Is it just me, or are QR codes, those funky little squares that look a barcode’s blocky big sister, everywhere lately? Look around. I’ve seen… Read More »The Martha Stewart-approved way to use QR codes for the church
Diana Query, the business administrator at Belin Memorial United Methodist Church in Murrels Inlet, S.C., has decades of experience that help her with her job. But she still sees big value in connecting with other locals who use the same church management software she uses. That’s why she decided to host an ACS Technologies User Group at her church.
“As a user, you look at the applications differently than you do in a situation where you’re selling it and providing customer service—and I’ve been on both sides,” she said.
If we want to meet our clients’ software needs, we have to have ongoing relationships and truly be concerned about their visions. We need to understand issues from the client’s point of view—not from ours.
There are several ways R&D connects with users to gather data for changes, enhancements, updates, and features.
With something as important as your church management software, it seems to me that it’s worth taking the time to figure out what you don’t know. There are many ways to get information about what your ACS Technologies solutions are capable of. Here are four ideas for trying to stay in the loop.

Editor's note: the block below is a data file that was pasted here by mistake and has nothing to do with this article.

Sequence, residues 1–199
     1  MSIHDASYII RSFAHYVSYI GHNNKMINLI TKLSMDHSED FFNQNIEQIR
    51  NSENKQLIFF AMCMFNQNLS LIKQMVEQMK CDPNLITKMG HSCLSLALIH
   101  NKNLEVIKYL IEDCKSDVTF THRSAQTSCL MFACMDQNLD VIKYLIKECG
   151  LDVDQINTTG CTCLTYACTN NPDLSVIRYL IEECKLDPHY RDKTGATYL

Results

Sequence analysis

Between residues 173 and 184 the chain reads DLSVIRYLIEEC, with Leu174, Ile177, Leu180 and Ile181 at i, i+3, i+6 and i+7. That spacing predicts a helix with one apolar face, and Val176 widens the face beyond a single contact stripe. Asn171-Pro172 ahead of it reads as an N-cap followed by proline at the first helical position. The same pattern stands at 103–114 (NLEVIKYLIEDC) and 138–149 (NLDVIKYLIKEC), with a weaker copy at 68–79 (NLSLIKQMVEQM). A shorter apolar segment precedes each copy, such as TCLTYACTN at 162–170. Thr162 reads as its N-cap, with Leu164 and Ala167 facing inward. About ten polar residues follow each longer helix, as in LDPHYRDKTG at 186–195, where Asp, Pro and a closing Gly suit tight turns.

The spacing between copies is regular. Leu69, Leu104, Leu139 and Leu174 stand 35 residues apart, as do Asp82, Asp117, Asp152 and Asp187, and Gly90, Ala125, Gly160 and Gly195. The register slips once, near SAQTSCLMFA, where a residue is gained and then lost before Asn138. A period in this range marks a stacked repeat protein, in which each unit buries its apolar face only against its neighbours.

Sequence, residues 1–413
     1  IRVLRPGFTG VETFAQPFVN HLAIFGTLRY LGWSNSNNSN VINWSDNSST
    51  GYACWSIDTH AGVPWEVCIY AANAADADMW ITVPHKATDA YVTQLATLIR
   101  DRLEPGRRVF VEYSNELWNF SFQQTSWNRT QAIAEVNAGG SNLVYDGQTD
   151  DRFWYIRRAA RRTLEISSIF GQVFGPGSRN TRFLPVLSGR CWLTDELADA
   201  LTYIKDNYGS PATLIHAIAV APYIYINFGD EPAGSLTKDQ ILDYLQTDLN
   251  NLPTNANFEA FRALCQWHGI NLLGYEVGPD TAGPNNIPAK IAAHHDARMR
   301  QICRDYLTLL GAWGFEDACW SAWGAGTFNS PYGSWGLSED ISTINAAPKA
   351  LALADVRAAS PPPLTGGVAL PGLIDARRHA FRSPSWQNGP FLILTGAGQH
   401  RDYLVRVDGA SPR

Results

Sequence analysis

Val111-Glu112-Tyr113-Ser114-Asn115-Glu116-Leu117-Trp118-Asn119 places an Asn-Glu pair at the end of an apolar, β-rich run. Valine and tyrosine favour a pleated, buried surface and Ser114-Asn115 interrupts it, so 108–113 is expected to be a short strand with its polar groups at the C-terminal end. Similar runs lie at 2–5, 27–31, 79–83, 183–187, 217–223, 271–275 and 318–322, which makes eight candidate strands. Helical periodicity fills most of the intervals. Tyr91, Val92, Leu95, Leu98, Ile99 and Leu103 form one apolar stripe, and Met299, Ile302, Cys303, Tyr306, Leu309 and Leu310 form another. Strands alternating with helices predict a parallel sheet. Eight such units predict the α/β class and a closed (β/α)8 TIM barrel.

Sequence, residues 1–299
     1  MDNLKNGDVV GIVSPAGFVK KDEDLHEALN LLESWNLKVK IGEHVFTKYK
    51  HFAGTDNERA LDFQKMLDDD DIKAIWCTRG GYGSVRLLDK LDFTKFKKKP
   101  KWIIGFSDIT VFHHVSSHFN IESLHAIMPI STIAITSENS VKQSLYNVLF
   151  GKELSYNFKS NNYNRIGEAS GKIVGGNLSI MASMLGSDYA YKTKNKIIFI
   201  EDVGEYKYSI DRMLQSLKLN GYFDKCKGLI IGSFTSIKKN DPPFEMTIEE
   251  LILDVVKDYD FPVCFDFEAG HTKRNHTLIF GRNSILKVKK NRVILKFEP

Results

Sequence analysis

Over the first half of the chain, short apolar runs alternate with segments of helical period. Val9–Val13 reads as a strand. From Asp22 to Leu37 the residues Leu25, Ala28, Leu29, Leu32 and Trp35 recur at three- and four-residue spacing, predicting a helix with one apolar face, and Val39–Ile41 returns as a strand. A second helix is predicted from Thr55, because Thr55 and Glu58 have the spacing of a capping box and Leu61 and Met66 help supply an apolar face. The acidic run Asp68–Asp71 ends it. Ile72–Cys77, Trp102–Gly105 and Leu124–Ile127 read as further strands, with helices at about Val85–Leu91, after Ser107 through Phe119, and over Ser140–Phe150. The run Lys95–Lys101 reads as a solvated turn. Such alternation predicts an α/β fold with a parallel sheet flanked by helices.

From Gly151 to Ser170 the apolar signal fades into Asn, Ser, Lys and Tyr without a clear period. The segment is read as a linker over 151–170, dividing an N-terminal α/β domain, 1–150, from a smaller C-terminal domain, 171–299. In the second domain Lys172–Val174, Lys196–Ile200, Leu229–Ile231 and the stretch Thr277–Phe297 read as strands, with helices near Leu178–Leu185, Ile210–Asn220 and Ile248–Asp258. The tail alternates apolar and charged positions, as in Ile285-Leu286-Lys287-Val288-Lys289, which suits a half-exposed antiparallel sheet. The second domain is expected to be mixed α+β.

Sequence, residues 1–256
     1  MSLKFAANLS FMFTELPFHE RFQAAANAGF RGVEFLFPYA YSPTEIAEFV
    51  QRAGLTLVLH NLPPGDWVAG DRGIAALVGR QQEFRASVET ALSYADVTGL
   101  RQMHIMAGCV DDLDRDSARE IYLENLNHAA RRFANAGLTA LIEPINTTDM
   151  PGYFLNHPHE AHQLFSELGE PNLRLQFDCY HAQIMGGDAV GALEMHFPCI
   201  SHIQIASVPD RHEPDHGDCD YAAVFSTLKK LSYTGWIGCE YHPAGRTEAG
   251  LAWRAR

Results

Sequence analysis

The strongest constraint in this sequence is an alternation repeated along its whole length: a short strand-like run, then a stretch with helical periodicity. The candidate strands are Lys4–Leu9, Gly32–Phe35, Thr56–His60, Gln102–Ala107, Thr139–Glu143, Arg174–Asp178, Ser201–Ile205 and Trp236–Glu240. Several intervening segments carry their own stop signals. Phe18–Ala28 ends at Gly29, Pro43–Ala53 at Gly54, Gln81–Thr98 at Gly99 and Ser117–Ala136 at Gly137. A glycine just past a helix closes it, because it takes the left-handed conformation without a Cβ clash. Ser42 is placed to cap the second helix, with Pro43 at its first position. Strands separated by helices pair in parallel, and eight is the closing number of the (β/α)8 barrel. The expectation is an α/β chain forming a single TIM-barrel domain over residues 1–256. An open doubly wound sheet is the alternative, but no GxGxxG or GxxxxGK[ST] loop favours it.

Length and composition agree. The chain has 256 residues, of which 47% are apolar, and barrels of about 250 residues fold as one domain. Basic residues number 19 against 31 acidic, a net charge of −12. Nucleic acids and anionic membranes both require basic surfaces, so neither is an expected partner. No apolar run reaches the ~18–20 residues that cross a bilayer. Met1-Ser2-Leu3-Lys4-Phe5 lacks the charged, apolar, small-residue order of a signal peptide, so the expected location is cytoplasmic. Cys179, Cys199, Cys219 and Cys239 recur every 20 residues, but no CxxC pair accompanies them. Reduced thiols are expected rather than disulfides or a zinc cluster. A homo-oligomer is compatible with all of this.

Increasingly, churches are using vascular biometric ID at the point of entry in these areas because biometrics helps:
Increase speed of check in
Reduce waste and conserve resources by eliminating paper or barcode cards
Establish a tracking mechanism to keep accurate records
Boost productivity of staff
What’s one way you set out to assure that your church volunteers are connected and satisfied so they keep coming back?
Two years ago, when I was a reporter for a daily newspaper, I was talking to a man who works as a financial adviser for a nonprofit agency. He had retired early and now worked as a volunteer, helping people get their financial house in order. He knew a lot about economics, and he cheerfully told me that the recession was over.
“But when will it feel like it’s over?” I asked.
Confidently, he told me that it would no longer feel like a recession by the end of summer 2010.
I’m still waiting.